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Carp Chowder: Cajun Cuisine meets Boston Chowder

Nonna tried something new. She took some Asian Carp, clams, potatoes, and corn on the cobb and made a chowder. Wasn’t too bad, if she says so herself!

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Carp Chowder: Cajun Cuisine meets Boston Chowder

  • Servings: 3-4
  • Difficulty: Easy
  • Print

Ingredients

    • 1-2 Asian Carp fillets
    • 1/2 pound clams (or 2 cans)
    • 1.5 cups heavy whipping cream
    • 4 cups chicken brothd
    • 2 tablespoons Goat Butter
    • Splash of Olive Oil
    • Cooking Sherry
    • 1 large onion (chopped)
    • 1/4 cup garlic (minced)
    • 2-3 corn on the cobb stalks (halved)
    • Dan Pastorini’s Garlic and Herb Seasonings See Note 1
    • Gumbo Daddy Cajun Seasonings See Note 1
    • Jacobsen Chili Salt See Note 1
    • Louisiana Hot Sauce
    • Cajun Power Garlic Sauce

Directions

    1. Ground Carp fillets twice. Remove bones in-between grindings.
    2. Put butter and olive oil in a pot and heat. Melt butter.
    3. Add a splash or 2 of cooking Sherry, onions, and garlic.
    4. Sauteé onions and garlic. Onions should be translucent.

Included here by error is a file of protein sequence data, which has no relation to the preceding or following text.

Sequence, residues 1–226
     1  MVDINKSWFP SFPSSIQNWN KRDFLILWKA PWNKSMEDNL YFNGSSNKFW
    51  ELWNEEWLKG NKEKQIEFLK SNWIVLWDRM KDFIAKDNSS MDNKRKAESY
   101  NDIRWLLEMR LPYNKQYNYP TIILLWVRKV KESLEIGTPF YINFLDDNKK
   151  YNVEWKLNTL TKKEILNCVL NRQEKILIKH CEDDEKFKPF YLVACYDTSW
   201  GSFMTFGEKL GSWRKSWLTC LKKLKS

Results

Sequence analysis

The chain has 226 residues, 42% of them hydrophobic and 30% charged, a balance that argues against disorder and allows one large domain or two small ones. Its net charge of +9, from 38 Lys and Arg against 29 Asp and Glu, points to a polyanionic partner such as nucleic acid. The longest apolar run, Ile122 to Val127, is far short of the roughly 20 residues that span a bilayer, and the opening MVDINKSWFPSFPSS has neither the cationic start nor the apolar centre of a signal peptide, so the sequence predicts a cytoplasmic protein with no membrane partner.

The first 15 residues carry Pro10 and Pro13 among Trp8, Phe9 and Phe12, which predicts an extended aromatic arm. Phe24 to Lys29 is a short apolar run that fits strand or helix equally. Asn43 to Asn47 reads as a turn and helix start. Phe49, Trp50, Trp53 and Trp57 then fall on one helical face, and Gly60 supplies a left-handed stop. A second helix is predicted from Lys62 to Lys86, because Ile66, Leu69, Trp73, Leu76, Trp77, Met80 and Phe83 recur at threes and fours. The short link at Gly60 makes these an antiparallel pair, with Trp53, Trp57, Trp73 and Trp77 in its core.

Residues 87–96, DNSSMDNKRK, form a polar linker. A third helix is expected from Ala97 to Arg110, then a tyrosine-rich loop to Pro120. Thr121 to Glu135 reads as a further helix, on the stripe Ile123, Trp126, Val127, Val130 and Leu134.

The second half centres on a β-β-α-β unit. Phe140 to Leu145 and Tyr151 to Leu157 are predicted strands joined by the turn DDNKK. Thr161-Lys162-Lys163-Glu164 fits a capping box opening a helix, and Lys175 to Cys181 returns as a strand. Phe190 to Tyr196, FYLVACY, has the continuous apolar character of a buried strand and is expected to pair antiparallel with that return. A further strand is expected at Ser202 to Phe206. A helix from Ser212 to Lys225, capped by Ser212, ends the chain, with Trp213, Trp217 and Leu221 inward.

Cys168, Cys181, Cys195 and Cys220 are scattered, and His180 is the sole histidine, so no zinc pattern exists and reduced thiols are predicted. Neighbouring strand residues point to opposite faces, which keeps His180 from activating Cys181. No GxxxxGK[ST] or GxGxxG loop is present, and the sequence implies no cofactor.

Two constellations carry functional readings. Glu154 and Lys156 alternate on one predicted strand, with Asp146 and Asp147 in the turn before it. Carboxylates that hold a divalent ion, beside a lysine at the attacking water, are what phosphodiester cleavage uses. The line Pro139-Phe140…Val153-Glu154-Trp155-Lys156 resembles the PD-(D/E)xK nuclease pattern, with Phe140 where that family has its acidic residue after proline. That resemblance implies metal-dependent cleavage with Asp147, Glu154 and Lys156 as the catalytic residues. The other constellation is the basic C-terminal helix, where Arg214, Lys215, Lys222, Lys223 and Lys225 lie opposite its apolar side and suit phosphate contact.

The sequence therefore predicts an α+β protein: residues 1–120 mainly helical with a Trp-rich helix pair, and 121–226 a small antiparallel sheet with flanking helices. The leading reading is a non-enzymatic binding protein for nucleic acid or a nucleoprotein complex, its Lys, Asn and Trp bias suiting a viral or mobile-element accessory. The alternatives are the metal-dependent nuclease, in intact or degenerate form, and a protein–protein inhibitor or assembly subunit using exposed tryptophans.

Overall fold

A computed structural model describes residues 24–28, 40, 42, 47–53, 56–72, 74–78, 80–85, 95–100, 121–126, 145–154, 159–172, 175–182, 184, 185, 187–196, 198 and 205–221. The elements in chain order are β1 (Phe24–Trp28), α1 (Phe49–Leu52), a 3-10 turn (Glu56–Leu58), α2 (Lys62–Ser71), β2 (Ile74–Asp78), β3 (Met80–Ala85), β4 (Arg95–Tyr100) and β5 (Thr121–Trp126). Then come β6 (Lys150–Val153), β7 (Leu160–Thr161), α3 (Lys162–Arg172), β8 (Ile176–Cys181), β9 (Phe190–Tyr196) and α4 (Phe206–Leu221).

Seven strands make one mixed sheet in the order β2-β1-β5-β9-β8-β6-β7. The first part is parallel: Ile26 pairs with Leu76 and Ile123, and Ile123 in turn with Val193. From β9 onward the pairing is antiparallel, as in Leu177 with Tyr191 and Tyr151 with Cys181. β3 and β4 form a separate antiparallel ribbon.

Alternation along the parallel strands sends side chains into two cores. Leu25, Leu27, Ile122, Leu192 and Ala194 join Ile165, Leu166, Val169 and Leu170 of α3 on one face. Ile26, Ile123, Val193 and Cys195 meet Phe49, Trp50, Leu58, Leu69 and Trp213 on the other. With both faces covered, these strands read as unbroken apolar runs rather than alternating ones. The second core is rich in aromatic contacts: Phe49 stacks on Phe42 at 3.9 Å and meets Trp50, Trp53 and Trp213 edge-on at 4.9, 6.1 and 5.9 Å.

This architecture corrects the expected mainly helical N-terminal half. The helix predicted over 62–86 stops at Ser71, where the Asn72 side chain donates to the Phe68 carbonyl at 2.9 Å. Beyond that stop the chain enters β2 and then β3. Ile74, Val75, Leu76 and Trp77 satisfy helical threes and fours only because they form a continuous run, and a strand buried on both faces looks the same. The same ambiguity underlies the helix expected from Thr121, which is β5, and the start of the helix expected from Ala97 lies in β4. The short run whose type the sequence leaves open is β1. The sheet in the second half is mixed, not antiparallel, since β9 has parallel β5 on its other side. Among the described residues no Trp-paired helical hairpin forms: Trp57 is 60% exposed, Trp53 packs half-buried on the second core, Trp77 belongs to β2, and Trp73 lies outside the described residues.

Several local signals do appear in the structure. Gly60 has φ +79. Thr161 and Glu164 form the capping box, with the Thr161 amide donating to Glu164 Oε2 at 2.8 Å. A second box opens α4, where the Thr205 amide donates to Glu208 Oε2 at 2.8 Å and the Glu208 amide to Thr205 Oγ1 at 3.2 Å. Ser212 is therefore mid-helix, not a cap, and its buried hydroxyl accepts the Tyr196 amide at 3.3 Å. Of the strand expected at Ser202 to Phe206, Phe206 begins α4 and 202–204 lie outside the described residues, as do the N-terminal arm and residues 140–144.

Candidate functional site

5. Add 2 cups chicken broth, heavy whipping cream, potatoes, and seasonings. Cover and simmer for 15 minutes. Potatoes should be about half way cooked through. A fork should penetrate the potatoes with little effort.
    6. After 15 minutes, add clams, carp, corn on the cobb, 2 more cups of chicken broth, and seasonings. See Notes 1 & 2
    7. Simmer until everything is cooked through. No lid.

Note 1: Nonna used her favorite spices. However, there are a lot of different spices the would go well with this recipe. Here are few ideas: lemon salt, lemon juice, lemon pepper, cappers, white wine, red pepper, white pepper, bay leaves, tarragon, celery sticks, bell peppers, green onions…

Note 2: All the online recipes I, Aunt Winkie, checked used the clam juice just as Nonna did. However, I would have drained & rinsed the clams in an attempt to reduce the “fishy taste”. Fresh clams are also best if you can get them. Just a thought or two, but Nonna is a much better cook than I am!


Spaghetti & Meatballs

This sauce was passed down from Nonna’s Great Grandmother “Mama Tess,” who immigrated from Sciliy in 1903. In fact, several limbs of the family tree and Nonna’s children, also, make this sauce. Both among the family branches and within the 5th generation, there are very few recipe adaptations (and those aren’t worth mentioning!!!). Mama Tess’ living and cooking relatives, especially Nonna, hope you enjoy this as much as the family does!

Click here for the written recipe!

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Click here to learn how to subscribe to Nonna’s You.Tube Channel.

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